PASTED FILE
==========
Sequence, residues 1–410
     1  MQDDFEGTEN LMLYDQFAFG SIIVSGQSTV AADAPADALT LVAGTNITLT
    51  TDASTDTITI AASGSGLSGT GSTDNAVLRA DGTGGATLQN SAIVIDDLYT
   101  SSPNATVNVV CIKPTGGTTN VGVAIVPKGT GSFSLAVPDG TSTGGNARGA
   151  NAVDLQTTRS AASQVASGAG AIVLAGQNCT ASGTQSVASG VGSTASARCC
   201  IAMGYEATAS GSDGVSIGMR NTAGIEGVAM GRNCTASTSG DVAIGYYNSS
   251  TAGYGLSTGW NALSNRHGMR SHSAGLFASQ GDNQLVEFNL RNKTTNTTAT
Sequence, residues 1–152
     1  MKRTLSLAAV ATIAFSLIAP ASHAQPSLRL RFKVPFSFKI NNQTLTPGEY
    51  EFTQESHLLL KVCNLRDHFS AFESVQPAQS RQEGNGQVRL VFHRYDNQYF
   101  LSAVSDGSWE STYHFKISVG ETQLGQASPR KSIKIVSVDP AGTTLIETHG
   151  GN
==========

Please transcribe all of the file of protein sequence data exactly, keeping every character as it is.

Sequence, residues 1–410
     1  MQDDFEGTEN LMLYDQFAFG SIIVSGQSTV AADAPADALT LVAGTNITLT
    51  TDASTDTITI AASGSGLSGT GSTDNAVLRA DGTGGATLQN SAIVIDDLYT
   101  SSPNATVNVV CIKPTGGTTN VGVAIVPKGT GSFSLAVPDG TSTGGNARGA
   151  NAVDLQTTRS AASQVASGAG AIVLAGQNCT ASGTQSVASG VGSTASARCC
   201  IAMGYEATAS GSDGVSIGMR NTAGIEGVAM GRNCTASTSG DVAIGYYNSS
   251  TAGYGLSTGW NALSNRHGMR SHSAGLFASQ GDNQLVEFNL RNKTTNTTAT
Sequence, residues 1–152
     1  MKRTLSLAAV ATIAFSLIAP ASHAQPSLRL RFKVPFSFKI NNQTLTPGEY
    51  EFTQESHLLL KVCNLRDHFS AFESVQPAQS RQEGNGQVRL VFHRYDNQYF
   101  LSAVSDGSWE STYHFKISVG ETQLGQASPR KSIKIVSVDP AGTTLIETHG
   151  GN